He was followed on stage by three more Under Armour athletes, world champion skier Lindsey Vonn, Philadelphia Phillies right fielder Bryce Harper and Natasha Hastings, a track and field sprinter in training for this summer's Olympics in Tokyo. Each described how the new campaign related to their lives.

Vonn overcame multiple injuries. Hastings, a new mother, said she initially thought of her pregnancy as a setback to training, but found ways to adapt her routine before and after her son's birth. After leaving high school early for junior college baseball, Harper said, he was so overwhelmed he almost gave up, but when he tried to return to school he was told it was too late - he'd already tested out.

"You fight every day, no matter what you're going through," Harper said. "There's people in this world that have a lot bigger problems than me going 0-for-4 in one night. Any day that you can push through to the next day and get through it, then do it."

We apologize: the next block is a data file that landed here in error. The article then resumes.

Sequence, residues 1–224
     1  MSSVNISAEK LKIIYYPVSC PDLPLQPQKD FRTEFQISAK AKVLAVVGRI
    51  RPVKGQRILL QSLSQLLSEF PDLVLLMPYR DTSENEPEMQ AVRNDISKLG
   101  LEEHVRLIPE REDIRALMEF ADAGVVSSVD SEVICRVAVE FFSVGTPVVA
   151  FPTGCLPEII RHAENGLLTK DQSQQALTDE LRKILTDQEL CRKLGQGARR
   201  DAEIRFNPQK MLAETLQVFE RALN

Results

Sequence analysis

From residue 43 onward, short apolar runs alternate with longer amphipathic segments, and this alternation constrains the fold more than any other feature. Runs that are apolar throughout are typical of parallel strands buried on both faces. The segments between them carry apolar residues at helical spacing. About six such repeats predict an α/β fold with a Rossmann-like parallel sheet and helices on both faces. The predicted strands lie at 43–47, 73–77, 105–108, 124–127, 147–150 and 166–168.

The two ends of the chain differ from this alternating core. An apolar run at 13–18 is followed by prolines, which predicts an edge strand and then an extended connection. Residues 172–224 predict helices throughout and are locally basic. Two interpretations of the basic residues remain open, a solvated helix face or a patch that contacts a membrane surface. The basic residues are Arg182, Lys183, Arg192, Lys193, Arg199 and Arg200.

Frisk said Under Armour has been working on the campaign for six months, including testing the message with consumers.

"This is not just about right now. This is about all of 2020 and all the way into 2021," he said. "We've never been able to do that as a brand."

The campaign's theme reflects not only a training mantra, but also what the company is going through.

The $5.2 billion athletic brand has been struggling for several years to boost sluggish sales, particularly in the United States, its largest market. In November, the company confirmed its accounting methods are being investigated by the U.S. Securities and Exchange Commission and the Justice Department.

Shares on Under Armour were up 4.7% on Tuesday, closing at $21.12 each, after Lone Pine Capital, one of the nation's top hedge funds disclosed in a federal filing that it took a 6.7% stake in the company.